This week will be celebrating the life and achievements of composer Ruth Schönthal, in honor or her centennial birthday! While there are many important recordings of chamber and solo works by Schönthal, We have been unable to find any readily sharable recording of her music for large ensemble. Please help us out if you can find any that we have missed!  [email protected] 

Ruth Schönthal (June 27, 1924 – July 10, 2006) was born Ruth Esther Hadassah Schönthal in Hamburg, Germany, but lived much of her life in the United States. Most of her study and early career were spent in exile, and this had a distinct influence on the style and character of her music. Her family was Viennese-Jewish, and the changes to German society under increasing authoritarian rule leading to the Second World War meant that at age nine she was expelled from the Sternsches Konservatorium in Berlin. She had been the youngest student ever accepted, but by 1935 they forbade Jewish students (Helmig, 9, sources listed below). Her family emigrated to Sweden where she studied at the Swedish Royal Academy of Music in Stockholm (1938 to 1941), and during the war they fled to Mexico, traveling through the USSR to avoid the European conflict and settled in Mexico City. In 1946 she gave a performance of her Piano Concerto (1942), which happened to catch Paul Hindemith’s attention. He recommended her for a place at Yale, where she studied with him, graduating with honors in 1948.

As Catherine Parsons Smith describes, “Like others of his students, Schönthal struggled to establish her creative independence from Hindemith” after leaving Yale.  Spending her formative musical years and training with many different teachers and institutions certainly afforded her a cosmopolitan musical language—she studied with Ingemar Liljefors in Stockholm, Rodolfo Halffter and Manuel Ponce in Mexico City, and Hindemith in the United States. Because she was writing music and performing to support her family, she had significant influence from popular music. Some of her first work was playing piano in bars, writing TV jingles, and songs for advertising. (Smith)

The late 1970s to the mid–90s were a particularly prolific period in which she produced some of her largest and most famous orchestral works. Her three operas are The Courtship of Camilla (1979–80) setting the unaltered one-act play by AA Milne that most readers know as The Ugly Duckling; Princess Maleen (1988), a classic German fairy tale by the Brothers Grimm; and Jocasta (1996–7), setting Hélène Cixous’ feminist play The Name of Oedipus. She also composed a second Piano Concerto (1977), and three tone poems: The Beautiful Day of Aranjuez for harp and string orchestra (1981, revised 1983), Evening Music (Nocturnal Fantasy with Ocean Waves) for orchestra (1992), and Soundtrack for a Dark Street for orchestra and electric guitar (1994).

As is not unusual with opera, Schönthal’s approach to characterization and philosophical ideas about music come through most strongly in her operatic works. Jocasta is particularly striking because in addition to being a feminist re-telling of the classic Oedipus story, the main characters, Jocasta and Oedipus, are represented by three different performers—an actor, a singer, and a dancer. Such casting of theses characters allowed Schönthal to highlight expressive links between these arts in her storytelling and setting of Cixous’ original play.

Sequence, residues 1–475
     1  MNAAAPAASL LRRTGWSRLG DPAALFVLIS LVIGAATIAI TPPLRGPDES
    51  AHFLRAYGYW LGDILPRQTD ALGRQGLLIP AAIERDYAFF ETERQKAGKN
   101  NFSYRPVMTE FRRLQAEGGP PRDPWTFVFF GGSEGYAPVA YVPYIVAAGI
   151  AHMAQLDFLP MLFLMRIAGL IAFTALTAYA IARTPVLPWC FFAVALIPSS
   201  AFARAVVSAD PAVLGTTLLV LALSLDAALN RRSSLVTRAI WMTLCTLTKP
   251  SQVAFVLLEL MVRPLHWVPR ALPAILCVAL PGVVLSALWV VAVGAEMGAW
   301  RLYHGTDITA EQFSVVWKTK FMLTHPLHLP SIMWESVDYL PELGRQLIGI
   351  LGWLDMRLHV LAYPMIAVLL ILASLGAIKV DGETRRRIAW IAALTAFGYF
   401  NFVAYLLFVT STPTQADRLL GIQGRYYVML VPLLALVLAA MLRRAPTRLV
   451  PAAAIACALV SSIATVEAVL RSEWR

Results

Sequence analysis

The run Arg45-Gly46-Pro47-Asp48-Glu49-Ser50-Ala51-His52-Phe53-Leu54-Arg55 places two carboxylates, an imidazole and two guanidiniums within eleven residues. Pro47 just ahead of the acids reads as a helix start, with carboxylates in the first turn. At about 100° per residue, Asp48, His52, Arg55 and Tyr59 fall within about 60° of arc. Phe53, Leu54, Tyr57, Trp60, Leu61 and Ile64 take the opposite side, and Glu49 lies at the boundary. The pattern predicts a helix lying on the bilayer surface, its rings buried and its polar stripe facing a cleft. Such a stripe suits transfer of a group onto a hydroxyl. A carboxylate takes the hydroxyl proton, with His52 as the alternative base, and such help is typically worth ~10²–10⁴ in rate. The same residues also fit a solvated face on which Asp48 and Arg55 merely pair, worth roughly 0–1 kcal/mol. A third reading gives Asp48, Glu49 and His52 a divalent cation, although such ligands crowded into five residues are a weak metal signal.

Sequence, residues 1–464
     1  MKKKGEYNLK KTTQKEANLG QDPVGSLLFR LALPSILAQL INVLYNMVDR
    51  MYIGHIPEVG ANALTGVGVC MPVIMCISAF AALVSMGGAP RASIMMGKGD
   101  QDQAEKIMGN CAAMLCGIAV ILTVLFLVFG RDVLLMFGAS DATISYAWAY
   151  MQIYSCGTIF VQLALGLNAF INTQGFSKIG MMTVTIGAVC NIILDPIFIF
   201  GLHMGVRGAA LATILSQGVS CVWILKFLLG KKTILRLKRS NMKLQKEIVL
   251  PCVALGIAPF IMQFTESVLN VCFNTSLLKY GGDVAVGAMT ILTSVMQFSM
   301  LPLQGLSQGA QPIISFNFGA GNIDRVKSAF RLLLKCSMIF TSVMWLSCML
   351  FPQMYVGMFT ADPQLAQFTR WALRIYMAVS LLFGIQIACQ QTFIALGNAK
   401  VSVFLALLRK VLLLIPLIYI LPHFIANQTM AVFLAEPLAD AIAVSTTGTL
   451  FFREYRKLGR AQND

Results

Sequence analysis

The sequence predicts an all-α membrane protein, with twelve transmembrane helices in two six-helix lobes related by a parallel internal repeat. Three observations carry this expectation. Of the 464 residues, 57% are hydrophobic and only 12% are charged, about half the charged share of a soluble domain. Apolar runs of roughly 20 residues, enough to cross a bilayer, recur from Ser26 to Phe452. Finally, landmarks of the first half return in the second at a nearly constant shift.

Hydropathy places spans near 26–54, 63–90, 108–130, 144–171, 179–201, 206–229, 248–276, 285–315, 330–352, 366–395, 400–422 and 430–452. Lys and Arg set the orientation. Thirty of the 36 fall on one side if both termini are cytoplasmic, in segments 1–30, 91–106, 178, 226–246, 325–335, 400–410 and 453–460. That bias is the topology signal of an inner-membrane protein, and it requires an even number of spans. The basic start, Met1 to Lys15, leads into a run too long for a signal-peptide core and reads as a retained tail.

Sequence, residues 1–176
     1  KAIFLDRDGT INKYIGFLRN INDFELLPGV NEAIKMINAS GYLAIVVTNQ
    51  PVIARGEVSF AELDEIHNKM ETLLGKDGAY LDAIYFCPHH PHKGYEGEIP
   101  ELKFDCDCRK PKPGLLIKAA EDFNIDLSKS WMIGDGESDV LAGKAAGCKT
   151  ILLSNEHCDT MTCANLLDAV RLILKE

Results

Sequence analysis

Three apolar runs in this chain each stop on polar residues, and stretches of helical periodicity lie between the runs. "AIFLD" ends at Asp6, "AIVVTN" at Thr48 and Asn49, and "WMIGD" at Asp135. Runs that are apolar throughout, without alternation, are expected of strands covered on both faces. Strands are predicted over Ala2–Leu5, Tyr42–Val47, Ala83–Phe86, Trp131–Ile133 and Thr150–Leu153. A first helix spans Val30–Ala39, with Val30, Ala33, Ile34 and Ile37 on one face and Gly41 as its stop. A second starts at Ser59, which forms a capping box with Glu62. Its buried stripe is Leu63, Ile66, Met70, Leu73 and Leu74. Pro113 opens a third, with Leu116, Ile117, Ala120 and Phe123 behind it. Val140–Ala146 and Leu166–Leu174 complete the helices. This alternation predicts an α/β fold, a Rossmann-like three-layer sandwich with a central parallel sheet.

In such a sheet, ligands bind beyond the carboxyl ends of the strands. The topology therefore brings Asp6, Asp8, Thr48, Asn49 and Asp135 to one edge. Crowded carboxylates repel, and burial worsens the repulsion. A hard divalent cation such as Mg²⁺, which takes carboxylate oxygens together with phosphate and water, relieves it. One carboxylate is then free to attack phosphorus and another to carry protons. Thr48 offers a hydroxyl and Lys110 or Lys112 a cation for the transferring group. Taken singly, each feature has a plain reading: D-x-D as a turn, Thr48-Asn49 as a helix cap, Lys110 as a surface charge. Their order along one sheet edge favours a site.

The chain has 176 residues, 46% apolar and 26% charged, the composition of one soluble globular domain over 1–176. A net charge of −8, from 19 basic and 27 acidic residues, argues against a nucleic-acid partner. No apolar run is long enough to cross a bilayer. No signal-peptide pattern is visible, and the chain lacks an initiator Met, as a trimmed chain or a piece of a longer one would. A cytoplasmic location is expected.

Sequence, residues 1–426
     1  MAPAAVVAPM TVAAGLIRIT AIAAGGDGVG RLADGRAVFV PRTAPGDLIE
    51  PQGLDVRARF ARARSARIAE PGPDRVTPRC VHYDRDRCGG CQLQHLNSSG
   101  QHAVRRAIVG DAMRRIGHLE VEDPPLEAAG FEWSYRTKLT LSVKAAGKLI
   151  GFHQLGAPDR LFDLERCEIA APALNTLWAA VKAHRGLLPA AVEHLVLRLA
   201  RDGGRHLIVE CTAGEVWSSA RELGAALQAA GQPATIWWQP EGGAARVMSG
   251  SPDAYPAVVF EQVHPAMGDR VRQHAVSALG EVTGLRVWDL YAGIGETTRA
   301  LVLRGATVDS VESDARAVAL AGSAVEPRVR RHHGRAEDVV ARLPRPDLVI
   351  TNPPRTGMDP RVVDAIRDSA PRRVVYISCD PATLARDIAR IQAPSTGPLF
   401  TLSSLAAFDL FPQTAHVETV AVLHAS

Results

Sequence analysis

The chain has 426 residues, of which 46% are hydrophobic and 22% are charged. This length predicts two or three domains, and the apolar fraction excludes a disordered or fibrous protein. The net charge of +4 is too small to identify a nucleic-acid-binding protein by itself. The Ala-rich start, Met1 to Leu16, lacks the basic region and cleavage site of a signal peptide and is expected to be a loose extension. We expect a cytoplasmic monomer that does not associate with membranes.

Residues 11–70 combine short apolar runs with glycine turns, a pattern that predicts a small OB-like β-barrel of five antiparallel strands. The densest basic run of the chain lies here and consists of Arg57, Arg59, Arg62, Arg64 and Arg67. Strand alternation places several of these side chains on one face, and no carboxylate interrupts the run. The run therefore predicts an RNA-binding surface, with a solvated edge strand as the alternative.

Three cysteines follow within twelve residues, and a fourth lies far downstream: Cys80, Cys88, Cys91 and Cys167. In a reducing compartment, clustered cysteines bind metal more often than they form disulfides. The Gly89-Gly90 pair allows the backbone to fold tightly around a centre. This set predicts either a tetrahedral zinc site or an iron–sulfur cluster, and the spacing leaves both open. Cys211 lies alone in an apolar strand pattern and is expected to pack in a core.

Schönthal worked as an educator, maintaining a private piano studio as well as teaching composition and music theory at NYU, a position she maintained until shortly before her death.  Many of her piano students have achieved great success – including Stephanie Germanotta, who is more commonly known as Lady Gaga.

Cover for 1981 LP, Ruth Schonthal, Piano works performed by Gary Steigerwalt

There are quite a few recordings of her chamber and solo works and songs – which are also still readily published and available.  Several of her piano works are available through Carl Fischer, and songs through the Southern Music Company.  We can only hope that her larger works, including her Second Piano Concerto, The Beautiful Days of Aranjuez, Music for Horn and Chamber Ensemble, and many additional works available through her main publisher Furore Verlag, will once begin to get the attention they deserve on concert stages in the United States and abroad.

Furore Verlag offers this page which lists  the events celebrating her centennial, including radio broadcasts, and a daylong symposium (which will stream) with performances on June 27. The full program for the symposium (held at the Hochschule is here (PDF).

Schönthal passed away in 2006 at age 82.  The New York Times noted her many achievements as a composer and educator in her obituary.  Learn more about the composer through her own voice in an extensive interview of Schönthal by Bruce Duffie here.

Listen in to some of her works through our Spotify Playlist below:


Helmig, Martina. Ruth Schönthal: A Composer’s Musical Development in Exile. Lewiston: Edwin Mellon Press, 2006. English translation and updated version of book originally in German.  Snippets on Google Books.

Smith, Catherine Parsons. “Schönthal, Ruth.” Grove Music Online. Oxford Music Online. Oxford University Press. Accessed 21 June 2024.

Wikipedia Article:

Furore Verlag, on Ruth Schönthal’s Centennial 

Obituary in the New York Times

Biography by Neil W. Levin in the Milken Archive

Schonthal, Ruth. 1998. Interview by Neil W. Levin. Milken Archive Oral History Project. 31 March.

In Memoriam Ruth Schonthal. July 13, 2006. On An Overgrown Path (Blog)

Ruth Schonthal (1924-2006), A Remembrance — by Lowell Lieberman, who as a 14-year-old studied piano and composition with her